The cause of religious liberty must be a fundamental priority of United States foreign policy, said Bishop Ricardo Ramirez Tuesday on Capitol Hill.
“From the perspective of Catholic teaching, religious freedom is the first of our freedoms,” said the bishop of Las Cruces in a testimony before the House International Relations Subcommittee on Africa, Global Human Rights and International Operations. He testified as a member of the USCCB’s International Policy Committee.
“Religious freedom covers a broad range of vital activities, from freedom of worship to freedom of conscience, from the right to establish schools and charities to the right to participate in and seek to influence public affairs,” said Bishop Ramirez, who also serves on the U.S. Commission on International Religious Freedom.
He described two “major challenges” to religious freedom. The first is “the proper place of religion in public life.” The second is the relationship between Christianity and Islam.
“This [second] challenge requires careful and deep reflection, respectful dialogue and candid discussion,” he said. “Authentic dialogue cannot be just vague expressions of goodwill, empty of a search for truth and unity.”
He said the USCCB supports the view of political leaders who have declared that the struggle against terrorism is not a war against Islam.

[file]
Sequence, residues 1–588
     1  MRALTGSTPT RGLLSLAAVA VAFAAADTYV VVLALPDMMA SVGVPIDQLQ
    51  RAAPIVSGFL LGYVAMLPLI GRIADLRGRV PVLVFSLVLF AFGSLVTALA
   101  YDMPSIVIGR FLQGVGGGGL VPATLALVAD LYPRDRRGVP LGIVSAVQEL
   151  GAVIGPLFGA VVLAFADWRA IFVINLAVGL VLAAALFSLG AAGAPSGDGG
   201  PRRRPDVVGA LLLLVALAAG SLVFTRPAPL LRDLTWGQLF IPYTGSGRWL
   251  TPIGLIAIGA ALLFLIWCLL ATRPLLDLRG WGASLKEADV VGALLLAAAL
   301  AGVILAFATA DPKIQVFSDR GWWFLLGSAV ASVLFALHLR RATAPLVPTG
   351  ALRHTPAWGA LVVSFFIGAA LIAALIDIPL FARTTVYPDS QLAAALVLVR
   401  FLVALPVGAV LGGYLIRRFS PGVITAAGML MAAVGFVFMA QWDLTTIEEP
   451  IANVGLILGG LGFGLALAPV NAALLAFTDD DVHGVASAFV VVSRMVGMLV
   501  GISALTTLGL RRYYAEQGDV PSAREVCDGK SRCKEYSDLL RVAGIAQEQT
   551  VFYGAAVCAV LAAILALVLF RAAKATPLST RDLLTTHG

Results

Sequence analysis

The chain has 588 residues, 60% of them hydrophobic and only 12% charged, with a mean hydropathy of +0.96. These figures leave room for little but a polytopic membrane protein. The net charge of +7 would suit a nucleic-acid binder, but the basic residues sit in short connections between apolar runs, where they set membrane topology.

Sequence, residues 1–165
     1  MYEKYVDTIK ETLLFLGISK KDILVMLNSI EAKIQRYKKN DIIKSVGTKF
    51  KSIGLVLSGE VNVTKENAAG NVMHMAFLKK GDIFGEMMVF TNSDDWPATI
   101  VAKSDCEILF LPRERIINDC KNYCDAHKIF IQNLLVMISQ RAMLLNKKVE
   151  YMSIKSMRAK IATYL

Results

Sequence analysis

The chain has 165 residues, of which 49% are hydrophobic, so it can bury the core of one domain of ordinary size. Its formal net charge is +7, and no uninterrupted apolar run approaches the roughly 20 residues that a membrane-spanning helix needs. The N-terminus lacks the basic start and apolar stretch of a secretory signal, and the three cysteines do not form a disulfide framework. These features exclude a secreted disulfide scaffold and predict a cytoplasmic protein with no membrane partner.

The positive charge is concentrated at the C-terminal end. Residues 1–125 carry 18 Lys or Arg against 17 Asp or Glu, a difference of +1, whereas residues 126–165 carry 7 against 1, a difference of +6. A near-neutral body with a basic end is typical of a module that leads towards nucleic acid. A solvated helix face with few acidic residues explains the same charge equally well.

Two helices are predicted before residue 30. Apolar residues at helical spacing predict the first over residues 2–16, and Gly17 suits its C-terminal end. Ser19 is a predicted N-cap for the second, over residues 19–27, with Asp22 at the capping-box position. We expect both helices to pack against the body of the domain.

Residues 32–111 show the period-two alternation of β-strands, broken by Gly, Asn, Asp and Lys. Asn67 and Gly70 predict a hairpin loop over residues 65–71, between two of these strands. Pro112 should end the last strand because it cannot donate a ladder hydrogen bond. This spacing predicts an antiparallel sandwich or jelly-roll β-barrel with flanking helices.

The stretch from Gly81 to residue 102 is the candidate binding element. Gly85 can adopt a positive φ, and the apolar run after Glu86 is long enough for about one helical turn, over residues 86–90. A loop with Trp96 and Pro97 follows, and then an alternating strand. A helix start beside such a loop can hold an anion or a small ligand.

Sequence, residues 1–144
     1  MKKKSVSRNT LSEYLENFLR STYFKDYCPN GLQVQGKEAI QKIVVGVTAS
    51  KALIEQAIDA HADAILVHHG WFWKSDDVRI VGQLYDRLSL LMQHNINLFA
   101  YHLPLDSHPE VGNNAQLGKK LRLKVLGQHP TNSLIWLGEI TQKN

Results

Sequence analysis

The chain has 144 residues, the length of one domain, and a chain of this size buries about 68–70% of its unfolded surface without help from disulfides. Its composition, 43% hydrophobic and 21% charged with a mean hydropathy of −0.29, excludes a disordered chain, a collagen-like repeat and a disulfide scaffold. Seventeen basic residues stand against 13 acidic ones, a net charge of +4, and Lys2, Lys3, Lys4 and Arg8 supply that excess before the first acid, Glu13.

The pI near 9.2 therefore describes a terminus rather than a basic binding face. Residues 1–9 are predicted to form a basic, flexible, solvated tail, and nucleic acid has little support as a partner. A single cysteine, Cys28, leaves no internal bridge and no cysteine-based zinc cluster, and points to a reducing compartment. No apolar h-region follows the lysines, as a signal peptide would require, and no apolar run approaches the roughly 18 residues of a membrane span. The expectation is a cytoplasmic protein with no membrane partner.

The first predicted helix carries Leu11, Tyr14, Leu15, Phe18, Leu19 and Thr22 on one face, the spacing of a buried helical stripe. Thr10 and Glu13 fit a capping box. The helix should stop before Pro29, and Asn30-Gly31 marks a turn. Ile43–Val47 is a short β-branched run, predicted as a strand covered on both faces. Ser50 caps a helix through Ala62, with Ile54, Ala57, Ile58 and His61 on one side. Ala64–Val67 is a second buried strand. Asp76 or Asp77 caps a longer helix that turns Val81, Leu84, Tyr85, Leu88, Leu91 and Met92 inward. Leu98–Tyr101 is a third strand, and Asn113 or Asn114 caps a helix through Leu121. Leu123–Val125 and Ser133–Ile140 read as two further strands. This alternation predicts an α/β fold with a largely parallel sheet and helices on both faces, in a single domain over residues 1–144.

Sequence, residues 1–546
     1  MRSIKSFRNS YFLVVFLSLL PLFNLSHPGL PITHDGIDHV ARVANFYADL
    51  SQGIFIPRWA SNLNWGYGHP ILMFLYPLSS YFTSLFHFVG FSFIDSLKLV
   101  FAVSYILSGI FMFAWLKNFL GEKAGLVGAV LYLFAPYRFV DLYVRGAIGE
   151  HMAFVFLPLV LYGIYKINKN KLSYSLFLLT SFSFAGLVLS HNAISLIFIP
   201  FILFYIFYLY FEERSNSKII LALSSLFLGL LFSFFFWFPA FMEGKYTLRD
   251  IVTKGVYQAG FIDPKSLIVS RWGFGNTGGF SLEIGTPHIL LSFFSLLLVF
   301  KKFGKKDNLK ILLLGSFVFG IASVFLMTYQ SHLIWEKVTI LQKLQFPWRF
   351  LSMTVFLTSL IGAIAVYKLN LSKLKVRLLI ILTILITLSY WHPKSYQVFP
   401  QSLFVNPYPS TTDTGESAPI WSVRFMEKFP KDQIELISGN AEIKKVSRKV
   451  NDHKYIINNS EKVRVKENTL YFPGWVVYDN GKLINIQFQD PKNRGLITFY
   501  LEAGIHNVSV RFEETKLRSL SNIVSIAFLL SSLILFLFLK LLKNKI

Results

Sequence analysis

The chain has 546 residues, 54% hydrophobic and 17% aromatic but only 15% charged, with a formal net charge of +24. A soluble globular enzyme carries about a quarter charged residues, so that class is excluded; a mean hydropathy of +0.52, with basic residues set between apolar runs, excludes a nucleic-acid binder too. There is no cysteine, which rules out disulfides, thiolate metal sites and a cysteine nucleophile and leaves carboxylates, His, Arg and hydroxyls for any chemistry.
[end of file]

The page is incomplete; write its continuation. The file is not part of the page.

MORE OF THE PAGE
The bishop also responded to the State Department’s release last week of a status report on religious freedom around the world. He commented on the situation in Iraq, Israel, China, Russia, India, Pakistan and Bangladesh, Burma and Cuba.
While commending Iraq’s efforts to establish a stable democracy, Bishop Ramirez expressed concerns about the new Iraqi constitution. “Even though the constitution promotes the concept of religious freedom, some provisions circumscribe religious liberty by not allowing any law to contradict the principles of Islam,” he said.
The 1993 Fundamental Agreement between Israel and the Holy See was a welcome development, said the bishop, but the failure to conclude negotiations on economic and other issues of importance to the Catholic Church and the wider Christian community in the Holy Land is a concern.
He also spoke of the “shameful” attacks on Christians in India, Pakistan and Bangladesh. This violence indicates “that much more can be done to insist that each of these states act with greater conformity with international law and greater respect for religious rights,” said the bishop.
For the full text of Bishop Ramirez’s testimony, go to: